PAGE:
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The Summer I Didn't Cut My Hair
i let my hair grow as wild as my thoughts,
they both caught sunshine in the afternoon,
swam in the pools, dove in the lakes,
grew fond of each other as it seemed
their growing insanity, or rather freedom,
were inevitably intertwined like the knots
that they so often formed.
i swore not to cut them;
and i didn't,
until the end of the sun-season.
for the whole summer,
my head blossomed and spread its seeds
in the wind that so lushly swayed them.
they were nourished by the unwavering sunlight
that only wavered when water was necessary
to quench the thirst of it's questions.
i did not restrain them.
how could i?
both grew so long as to cover my eyes
and open my ears to the song of the blue bird
that had come to collect my fallen strands of thought
for its basket of new life, to keep its future warm,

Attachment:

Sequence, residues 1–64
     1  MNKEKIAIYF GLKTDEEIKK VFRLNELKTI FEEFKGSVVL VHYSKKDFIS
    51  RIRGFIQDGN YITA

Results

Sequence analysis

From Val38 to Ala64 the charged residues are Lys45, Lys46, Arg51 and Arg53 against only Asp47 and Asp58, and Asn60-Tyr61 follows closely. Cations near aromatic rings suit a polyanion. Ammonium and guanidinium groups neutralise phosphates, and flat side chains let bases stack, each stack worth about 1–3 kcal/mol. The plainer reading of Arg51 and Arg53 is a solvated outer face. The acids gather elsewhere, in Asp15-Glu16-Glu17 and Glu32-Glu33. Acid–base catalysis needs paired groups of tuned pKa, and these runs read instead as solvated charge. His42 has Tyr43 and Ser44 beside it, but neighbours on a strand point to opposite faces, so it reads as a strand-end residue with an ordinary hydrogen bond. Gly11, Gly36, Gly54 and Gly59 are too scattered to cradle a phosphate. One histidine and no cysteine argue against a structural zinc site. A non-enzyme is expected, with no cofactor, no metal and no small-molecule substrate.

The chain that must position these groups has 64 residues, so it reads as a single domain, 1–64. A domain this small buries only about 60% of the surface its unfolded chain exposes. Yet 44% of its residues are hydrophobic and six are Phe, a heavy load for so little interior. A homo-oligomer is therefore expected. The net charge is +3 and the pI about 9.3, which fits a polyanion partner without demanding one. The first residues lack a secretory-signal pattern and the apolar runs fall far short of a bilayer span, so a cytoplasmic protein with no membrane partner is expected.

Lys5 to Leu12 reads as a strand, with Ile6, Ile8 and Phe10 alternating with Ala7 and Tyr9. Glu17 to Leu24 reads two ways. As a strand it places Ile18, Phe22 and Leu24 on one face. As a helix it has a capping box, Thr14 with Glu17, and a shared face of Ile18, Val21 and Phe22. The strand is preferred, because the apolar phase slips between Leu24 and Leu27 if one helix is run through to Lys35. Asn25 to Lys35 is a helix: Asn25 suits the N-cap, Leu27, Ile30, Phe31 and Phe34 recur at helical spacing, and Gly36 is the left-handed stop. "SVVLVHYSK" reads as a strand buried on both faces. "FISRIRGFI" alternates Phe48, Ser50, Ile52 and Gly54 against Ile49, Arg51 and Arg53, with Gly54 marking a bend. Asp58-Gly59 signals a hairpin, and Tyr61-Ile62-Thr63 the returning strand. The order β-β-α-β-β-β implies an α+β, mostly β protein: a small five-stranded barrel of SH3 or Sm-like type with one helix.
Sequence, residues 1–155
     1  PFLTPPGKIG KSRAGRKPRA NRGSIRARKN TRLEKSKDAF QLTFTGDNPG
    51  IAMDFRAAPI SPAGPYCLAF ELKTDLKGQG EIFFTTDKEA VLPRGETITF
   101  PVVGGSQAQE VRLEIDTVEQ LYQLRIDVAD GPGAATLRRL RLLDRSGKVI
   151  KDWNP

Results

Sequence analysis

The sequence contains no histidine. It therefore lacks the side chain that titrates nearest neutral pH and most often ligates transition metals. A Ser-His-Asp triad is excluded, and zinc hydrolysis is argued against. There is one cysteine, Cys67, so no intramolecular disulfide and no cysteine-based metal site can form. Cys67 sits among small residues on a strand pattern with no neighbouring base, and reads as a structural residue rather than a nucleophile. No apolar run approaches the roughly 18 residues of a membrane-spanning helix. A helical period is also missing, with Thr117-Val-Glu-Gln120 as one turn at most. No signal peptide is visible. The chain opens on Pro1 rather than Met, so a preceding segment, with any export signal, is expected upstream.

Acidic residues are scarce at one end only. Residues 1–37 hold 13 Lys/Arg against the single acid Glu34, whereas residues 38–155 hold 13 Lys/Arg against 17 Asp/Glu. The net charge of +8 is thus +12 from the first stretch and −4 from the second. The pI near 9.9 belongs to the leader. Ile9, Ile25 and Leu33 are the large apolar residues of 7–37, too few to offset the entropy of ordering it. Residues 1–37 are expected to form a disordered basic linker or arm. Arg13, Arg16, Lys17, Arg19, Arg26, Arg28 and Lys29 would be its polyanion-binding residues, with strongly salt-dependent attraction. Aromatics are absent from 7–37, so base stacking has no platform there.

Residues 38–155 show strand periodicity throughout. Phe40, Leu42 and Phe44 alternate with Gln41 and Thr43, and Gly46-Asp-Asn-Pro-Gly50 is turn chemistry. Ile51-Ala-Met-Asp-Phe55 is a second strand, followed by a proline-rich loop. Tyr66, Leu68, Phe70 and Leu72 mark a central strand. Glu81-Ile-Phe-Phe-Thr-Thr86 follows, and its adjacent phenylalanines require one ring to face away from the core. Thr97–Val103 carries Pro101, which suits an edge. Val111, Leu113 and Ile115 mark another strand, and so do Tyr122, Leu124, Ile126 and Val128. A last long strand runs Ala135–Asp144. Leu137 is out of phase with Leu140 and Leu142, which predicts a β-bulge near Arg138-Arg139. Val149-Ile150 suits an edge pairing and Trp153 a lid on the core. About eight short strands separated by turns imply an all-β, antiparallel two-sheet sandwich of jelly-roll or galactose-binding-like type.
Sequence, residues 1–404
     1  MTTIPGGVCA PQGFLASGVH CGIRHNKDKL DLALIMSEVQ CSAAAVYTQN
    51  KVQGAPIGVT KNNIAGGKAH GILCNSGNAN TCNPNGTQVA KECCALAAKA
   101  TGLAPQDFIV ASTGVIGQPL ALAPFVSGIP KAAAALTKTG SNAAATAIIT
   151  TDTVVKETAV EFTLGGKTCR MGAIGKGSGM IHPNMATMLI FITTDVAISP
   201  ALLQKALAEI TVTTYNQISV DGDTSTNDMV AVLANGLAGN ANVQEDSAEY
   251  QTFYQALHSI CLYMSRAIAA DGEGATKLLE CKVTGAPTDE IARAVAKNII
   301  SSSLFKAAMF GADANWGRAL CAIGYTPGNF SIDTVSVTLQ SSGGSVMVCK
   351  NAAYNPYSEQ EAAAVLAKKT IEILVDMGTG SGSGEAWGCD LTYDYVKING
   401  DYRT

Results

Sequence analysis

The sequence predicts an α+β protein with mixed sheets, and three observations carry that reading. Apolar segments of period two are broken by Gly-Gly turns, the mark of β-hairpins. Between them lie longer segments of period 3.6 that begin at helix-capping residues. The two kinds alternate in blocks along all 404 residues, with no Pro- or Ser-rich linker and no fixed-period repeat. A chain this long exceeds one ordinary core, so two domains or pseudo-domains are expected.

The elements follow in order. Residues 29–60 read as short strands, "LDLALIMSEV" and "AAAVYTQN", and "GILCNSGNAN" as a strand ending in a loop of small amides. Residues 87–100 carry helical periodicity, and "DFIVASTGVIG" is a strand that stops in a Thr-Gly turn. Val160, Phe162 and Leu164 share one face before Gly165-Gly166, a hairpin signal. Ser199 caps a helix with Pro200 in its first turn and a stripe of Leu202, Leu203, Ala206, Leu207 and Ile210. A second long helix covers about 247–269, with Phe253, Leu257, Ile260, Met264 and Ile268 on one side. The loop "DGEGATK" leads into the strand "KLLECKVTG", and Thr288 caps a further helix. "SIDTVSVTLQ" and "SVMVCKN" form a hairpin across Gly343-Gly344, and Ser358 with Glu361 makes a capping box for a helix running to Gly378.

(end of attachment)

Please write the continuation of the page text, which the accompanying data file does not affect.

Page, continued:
like my long and tedious hair did for the tips of my ears.
i became a lion who wore his mane with pride,
so as to show them that i was the wisest of the owls.
i didn't cut them;
they were each as long and animated as the other was,
both seemed like a new breed of evolution in its own right.
i didn't cut them
until the rules of man sought to hide me behind a wooden board
and expected me to control them, to understand them, to write them down.
i didn't cut them,
until mother nature was stripped from me,
and replaced with a man who used written rules
to cut down the trees of my sun-season freedom.
i didn't cut them,
until it was time to forget wild things and things that make sense,
when the summer ended and school began.
i cut them.